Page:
Identification abilities of children: Does a verbal description hurt face recognition?

Amina Memon, R. Rose

Research output: Contribution to journalArticle

21 Citations (Scopus)

Abstract

The majority of research conducted on child eyewitness identification lineup performance has found that children are less accurate than adults at identifying the perpetrator correctly, or indeed, not identifying anyone in a target absent lineup. The standard procedure involved in setting up a lineup is to gain descriptions of the perpetrator from the witnesses. However, Schooler and Engster-Schooler (1990) suggest that gaining a verbal description of the perpetrator may later interfere with identification performance because the verbal memory overshadows the visual memory (verbal overshadowing). As yet there appears to have been no systematic investigations of verbal overshadowing in children. Fifty-two children aged 8-9 years witnessed a live event in their classroom, after a 24-hour delay they were randomly assigned to a description/no description condition, and then viewed either target present lineups or target absent lineups. The results revealed no verbal overshadowing effects. The children were more accurate on target present lineups than on target absent lineups. The null results are discussed with reference to the role of retrieval instructions, the quality of face descriptions and the processes governing decisions in target absent as compared to target present lineups.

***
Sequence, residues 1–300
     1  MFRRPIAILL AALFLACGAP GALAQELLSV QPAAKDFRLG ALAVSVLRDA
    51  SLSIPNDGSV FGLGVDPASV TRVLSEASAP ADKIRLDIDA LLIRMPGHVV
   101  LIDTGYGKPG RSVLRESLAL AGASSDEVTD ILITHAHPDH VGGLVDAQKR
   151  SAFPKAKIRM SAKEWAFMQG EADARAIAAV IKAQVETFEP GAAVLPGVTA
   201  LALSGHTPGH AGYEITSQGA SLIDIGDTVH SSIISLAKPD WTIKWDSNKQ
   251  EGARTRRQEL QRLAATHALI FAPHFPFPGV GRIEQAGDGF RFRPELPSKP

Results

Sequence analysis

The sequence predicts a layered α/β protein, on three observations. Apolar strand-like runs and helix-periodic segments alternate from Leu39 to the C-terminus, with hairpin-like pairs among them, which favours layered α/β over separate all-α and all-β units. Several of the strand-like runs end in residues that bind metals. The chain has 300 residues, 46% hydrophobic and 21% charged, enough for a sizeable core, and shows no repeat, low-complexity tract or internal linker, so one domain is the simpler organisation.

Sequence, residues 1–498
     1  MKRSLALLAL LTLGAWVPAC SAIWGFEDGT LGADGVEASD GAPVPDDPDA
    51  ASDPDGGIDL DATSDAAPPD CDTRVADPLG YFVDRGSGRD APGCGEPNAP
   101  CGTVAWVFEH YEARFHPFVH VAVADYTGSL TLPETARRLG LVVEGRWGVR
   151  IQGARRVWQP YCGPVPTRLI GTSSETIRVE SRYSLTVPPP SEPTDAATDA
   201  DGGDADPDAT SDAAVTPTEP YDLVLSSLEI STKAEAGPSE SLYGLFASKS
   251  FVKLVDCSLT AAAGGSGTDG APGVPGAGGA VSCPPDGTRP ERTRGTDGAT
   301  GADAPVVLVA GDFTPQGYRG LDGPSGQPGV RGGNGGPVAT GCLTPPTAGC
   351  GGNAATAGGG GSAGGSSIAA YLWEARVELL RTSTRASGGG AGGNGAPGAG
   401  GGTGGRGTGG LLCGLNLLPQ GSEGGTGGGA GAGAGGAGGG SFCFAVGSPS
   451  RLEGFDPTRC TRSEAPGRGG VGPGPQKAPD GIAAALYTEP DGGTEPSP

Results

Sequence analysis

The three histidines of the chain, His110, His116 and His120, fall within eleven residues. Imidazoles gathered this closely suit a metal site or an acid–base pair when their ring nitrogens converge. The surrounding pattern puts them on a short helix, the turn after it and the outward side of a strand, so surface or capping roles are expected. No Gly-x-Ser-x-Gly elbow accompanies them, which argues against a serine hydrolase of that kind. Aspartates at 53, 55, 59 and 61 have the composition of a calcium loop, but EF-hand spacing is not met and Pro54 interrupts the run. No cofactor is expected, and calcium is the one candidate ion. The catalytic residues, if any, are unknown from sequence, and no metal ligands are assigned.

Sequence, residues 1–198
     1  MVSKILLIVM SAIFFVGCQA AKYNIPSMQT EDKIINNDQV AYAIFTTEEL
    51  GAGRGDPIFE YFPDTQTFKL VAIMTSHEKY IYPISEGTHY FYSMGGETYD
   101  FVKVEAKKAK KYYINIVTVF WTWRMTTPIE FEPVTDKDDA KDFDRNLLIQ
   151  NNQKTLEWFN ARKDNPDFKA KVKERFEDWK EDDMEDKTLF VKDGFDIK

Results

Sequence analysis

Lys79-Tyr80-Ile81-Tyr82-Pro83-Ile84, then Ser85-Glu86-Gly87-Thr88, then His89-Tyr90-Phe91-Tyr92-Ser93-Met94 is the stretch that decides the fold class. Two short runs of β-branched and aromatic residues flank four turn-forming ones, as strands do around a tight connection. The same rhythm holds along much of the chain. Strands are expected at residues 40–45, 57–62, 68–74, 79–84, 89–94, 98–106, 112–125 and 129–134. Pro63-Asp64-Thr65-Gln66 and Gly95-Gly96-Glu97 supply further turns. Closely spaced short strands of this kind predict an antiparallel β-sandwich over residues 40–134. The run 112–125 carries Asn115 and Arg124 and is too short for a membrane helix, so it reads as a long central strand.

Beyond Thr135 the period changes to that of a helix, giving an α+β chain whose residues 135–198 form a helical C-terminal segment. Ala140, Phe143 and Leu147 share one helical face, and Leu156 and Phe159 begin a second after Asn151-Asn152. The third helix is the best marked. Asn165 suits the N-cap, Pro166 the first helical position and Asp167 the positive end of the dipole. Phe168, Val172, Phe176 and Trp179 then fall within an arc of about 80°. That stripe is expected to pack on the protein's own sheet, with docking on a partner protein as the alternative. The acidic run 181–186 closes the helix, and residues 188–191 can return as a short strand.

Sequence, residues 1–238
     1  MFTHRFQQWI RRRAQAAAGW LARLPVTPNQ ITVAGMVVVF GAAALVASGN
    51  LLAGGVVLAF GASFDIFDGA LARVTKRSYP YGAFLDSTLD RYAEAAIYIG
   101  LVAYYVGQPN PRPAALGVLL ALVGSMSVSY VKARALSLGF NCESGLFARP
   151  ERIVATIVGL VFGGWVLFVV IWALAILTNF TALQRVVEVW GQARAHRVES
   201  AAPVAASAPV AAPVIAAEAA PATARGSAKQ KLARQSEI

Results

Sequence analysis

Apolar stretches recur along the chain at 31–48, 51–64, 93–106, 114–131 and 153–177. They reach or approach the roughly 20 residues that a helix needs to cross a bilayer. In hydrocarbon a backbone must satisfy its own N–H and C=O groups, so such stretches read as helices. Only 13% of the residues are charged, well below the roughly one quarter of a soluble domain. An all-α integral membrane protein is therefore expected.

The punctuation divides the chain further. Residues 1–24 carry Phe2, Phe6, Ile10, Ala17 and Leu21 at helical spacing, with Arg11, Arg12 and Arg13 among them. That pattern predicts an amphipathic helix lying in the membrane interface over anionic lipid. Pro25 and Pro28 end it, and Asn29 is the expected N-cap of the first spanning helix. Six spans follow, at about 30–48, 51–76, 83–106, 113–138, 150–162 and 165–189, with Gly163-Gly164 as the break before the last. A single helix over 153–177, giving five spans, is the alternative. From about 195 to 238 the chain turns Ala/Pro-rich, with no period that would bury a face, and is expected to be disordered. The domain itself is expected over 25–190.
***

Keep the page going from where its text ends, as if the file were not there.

Original languageEnglish
Pages (from-to)229-242
Number of pages14
JournalPsychology, Crime & Law
Volume8
DOIs
Publication statusPublished - 2002

Keywords

  • child eyewitness
  • identification accuracy
  • EYEWITNESS IDENTIFICATION
  • PERCEPTUAL EXPERTISE
  • LINEUPS
  • ACCURACY
  • MEMORY
  • REPRESENTATION
  • SUGGESTIBILITY
  • TESTIMONY
  • ADULTS

Cite this